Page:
the highest level. It was exciting and unforgettable. Phil Krakouer is
    truly an under-rated great of North Melbourne.

    On a totally different level…does anyone recall the commentator who,
    when one indiginous player passed it to an indiginous team-mate, remarked:
    “He passed it to his fellow country-man!” I almost fell out of my chair.

  9. Neil Belford says

    Just have a read of the Age this morning of the road Jeff Garlett has had to travel to become the games newest sensation. And from what I understand there is a fair bit more to the football journey he had to make than is covered in that article.

  10. #7 Rev Roo,

    fair comment but I would expect that you could select in a substantial amount sedentary slobbishness over 7,000 years (30 generations).

    When a specific gene pool gets low, in this case your fit fellas with good reflexes, it takes a long time to recover and is threatened through the lack of a substantial and robust population by the introduction of something that may appear innocuous but can push the species over the edge.

    An obvious example of this is the already vulnerable gen XXXL being adicted to I pods, texting, twitter and virtual activities.

    When they get to virtual sex human kind will be rooted. Hang on, that’s not right.

  11. Phantom – your argument may or may not be backed up with science, but all I know is that it takes 12 months to get fit, and 12 days to become a slob. So, 7000 divided by 12 days equals…..ummm……

  12. Sean Gorman says

    Phantom you are on some good shit i gotta say – can I just say one thing I hope Tim Adam is going well. Keep punchin Timbo. Paul Simon and Tom Waits all the way boys n girls heaveho — Freo by 12 points v Cows. Good luck n good night.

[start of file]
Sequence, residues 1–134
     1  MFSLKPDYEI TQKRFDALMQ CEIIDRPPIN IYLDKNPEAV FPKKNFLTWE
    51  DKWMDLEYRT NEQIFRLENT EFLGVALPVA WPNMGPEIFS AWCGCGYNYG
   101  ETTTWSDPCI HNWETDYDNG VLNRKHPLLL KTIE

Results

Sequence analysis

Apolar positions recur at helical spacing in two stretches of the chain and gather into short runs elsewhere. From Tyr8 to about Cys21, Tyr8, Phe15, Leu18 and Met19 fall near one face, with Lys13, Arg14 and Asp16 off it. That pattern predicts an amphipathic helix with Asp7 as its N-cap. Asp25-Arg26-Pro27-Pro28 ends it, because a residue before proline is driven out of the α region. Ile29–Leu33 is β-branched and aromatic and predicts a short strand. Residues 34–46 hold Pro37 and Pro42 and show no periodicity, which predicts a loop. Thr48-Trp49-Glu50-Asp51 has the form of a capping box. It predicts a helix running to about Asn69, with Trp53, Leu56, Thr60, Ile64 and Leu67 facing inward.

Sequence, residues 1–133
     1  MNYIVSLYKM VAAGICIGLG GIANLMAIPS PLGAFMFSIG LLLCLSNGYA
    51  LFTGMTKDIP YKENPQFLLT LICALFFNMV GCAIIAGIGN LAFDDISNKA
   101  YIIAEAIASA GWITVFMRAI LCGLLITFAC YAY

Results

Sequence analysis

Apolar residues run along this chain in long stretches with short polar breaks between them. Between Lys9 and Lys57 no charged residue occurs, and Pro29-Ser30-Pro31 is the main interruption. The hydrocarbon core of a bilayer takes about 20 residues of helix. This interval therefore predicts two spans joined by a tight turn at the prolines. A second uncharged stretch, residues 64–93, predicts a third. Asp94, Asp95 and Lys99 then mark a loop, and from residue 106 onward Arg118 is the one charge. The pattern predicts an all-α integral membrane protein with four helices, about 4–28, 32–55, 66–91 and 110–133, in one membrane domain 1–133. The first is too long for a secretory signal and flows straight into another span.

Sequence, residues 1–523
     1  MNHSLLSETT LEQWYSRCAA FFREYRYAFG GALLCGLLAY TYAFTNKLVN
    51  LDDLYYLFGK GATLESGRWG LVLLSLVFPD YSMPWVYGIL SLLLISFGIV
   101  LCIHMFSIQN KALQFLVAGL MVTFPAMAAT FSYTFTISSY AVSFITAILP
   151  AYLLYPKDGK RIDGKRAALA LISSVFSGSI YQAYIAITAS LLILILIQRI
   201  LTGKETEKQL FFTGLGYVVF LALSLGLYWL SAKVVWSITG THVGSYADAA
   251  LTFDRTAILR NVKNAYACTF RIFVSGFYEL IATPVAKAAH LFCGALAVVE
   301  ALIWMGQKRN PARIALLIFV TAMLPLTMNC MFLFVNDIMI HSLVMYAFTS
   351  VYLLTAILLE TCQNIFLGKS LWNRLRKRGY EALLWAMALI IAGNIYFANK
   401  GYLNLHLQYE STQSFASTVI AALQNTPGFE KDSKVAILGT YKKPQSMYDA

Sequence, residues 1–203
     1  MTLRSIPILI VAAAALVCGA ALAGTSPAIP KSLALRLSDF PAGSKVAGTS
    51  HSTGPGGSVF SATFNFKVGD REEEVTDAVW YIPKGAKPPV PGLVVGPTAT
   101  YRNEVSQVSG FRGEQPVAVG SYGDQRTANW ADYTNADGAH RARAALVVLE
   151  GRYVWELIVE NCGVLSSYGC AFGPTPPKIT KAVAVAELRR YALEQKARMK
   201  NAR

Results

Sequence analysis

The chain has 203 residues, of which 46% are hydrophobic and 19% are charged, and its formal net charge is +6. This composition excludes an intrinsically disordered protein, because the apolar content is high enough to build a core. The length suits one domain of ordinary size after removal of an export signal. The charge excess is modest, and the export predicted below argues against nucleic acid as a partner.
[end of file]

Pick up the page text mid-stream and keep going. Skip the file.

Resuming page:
13. Don’t need it Sean. I am silly enough without.

    Read the ‘Double Helix’ and watch Liam Jarrah closely and compare him with C Judd of G Abblett. All three are champions but one moves differently.

    7000 years would be about 250 to 300 generations not 30: got the maths wrong. Heaps of time, especially if one population was much more isolated than the other.

    It needs to be understood that the recessive gene is always there and ready to throw back. Biodiversity is not an exact science but it is science.

    Some times it is a little unpalatable for some people to accept that indigeneous people are better at some things than we are.

    Cheers, Phantom.

  14. Jarrah has very quick reflexes, astute decision making skills under pressure and hits the target with frighting efficiency from the few snippets I noted today.

    I am sure he didn’t get that from the ye olde Rugby gentleman’s institution.

  15. Sean Gorman says

    it is ‘Jurrah’ Fantomn

  16. Sorry. Jarrah (Eucalyptus marginata) has got to be Western Australian not Territorian. Jurrah jumps as high as one sometimes.

    Phantom is not F.

    Cheers